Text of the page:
So how do we develop an impairment standard. We need high quality scientific research using marijuana that's commercially available to users. And where they can legally purchase it. Unfortunately, there's a number of barriers.
Due in large part, due to marijuana's schedule and classification under the Controlled Substances Act. So, in order to be given this type of study researchers need to complete a lengthy application process, which includes approval from several federal agencies, including the FDA, the DEA and NIDA, which is the National Institute on Drug Abuse.
Once they're approved, then to secure their marijuana to use in the study, they have to obtain it from NIDA through their single source at the University of Mississippi. And unfortunately, this marijuana is not at all representative of what is available to consumers in states where marijuana is legal, it contains a much lower amount of THC.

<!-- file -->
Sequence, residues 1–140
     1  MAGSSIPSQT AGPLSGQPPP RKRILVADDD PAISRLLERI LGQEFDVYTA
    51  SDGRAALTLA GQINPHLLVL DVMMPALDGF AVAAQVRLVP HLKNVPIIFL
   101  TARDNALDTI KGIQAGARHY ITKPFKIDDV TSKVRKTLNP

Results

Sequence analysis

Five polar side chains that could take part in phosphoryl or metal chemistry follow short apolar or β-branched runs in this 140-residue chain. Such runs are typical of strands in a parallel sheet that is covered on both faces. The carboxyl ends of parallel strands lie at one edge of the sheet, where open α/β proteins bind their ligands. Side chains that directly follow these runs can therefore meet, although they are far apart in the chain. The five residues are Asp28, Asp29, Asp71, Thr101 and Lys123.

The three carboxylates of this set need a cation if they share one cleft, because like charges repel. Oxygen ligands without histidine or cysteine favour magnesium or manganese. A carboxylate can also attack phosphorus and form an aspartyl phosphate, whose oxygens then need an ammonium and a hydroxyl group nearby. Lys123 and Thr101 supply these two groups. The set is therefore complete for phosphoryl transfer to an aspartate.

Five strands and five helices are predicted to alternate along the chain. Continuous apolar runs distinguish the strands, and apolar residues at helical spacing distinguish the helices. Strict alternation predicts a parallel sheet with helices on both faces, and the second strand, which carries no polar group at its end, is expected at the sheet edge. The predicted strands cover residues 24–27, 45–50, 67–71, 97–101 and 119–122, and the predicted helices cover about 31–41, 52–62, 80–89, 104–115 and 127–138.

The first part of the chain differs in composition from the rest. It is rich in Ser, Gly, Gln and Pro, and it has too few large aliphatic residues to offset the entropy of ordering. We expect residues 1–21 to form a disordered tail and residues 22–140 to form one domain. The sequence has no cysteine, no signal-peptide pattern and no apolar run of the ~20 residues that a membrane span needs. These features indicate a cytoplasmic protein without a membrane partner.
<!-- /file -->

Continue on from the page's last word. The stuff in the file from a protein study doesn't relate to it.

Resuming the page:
For comparison, the NIDA product generally provides generally contains 12% of THC by weight compared to states where marijuana is legal, consumers can purchase flower that contains 20 to 30% THC and concentrates that contains 60 to 90% THC. The DEA is beginning the process on adding additional growers, authorized growers, but it's been in the works for some time and we're not quite sure when we're going to get there.
So, so, moving on to federal legislation, this is, this is one of the key advocacy points for APICA, particularly to push for working through these barriers for research, so we can get an impact, we can develop an impairment standard, so we have something to measure.